In 1998, I was attending a conference when an astronomer that I knew from across the country sought me out and asked if his group could send the data from their large astronomy experiment to NASA’s ADF (Astrophysics Data Facility, where I was working at the time). Their data set was two Terabytes in total. That seemed big (like the birth of “Astronomy Big Data”) to me, especially for 1998, but I didn’t know how big until I went back to work a few days later. When I mentioned this opportunity to the NASA facility senior managers, they looked at me like I was unaware of something really obvious and important. They were right! They “reminded” me that the data facility was the home for 15,000 NASA space science mission data sets, and the aggregate sum total data volume for all of those data sets combined(!) was less than one Terabyte! They couldn’t possibly accept one single experiment’s data that single-handedly eclipsed the total volume of all of the other 15,000 experiments’ data sets combined.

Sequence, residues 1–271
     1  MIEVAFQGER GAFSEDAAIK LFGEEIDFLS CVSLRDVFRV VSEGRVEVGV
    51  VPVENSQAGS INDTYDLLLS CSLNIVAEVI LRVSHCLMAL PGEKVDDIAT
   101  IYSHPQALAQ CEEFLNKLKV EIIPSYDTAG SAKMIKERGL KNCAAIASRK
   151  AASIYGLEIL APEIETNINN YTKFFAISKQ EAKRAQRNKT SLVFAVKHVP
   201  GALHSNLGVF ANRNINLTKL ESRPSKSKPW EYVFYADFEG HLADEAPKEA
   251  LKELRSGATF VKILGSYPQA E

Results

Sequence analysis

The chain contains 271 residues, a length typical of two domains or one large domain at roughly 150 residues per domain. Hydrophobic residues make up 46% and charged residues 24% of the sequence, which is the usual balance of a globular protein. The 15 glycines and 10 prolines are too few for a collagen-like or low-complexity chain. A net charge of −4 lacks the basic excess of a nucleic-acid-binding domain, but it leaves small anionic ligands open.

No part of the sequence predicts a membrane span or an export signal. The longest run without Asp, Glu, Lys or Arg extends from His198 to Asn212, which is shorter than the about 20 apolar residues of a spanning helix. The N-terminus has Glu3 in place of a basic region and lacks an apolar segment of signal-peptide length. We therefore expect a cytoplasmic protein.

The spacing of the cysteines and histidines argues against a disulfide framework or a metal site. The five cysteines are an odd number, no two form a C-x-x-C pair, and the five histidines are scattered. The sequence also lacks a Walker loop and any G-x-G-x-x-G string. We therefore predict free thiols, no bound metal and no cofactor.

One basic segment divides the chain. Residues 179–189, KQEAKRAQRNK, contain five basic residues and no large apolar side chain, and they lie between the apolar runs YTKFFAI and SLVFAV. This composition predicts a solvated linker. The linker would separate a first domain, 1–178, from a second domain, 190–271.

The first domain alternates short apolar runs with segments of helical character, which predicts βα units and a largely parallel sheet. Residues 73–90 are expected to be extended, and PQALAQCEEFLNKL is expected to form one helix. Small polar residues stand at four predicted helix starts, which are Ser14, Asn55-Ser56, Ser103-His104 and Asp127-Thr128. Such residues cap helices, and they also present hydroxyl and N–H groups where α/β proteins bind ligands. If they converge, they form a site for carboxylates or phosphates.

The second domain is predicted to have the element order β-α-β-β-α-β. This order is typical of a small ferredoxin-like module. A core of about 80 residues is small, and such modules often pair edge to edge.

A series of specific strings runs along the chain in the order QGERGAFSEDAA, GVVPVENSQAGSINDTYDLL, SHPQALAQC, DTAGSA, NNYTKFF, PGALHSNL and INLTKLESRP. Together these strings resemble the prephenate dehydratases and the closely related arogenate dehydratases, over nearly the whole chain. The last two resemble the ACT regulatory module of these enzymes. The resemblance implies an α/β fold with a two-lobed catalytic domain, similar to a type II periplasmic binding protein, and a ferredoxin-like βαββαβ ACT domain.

Well, this was embarrassing! What could we do? I was told that ADF could accept the data if I would write a research grant proposal and win some funds to pay for all of the new I.T. resources that would be required. “What kind of research proposal would pay for such a thing?” I asked myself. This led me to investigate a field of research that I had only briefly heard in conversation once or twice previously — Data Mining (= Machine Learning applied to large data sets). The more I read about this topic (now called Data Science), the more I became convinced that this is what I wanted to do for the rest of my research career. I was hooked. I was at the right place at the right time…
(continue reading here … https://www.mapr.com/blog/growth-hackers-journey-right-place-right-time)
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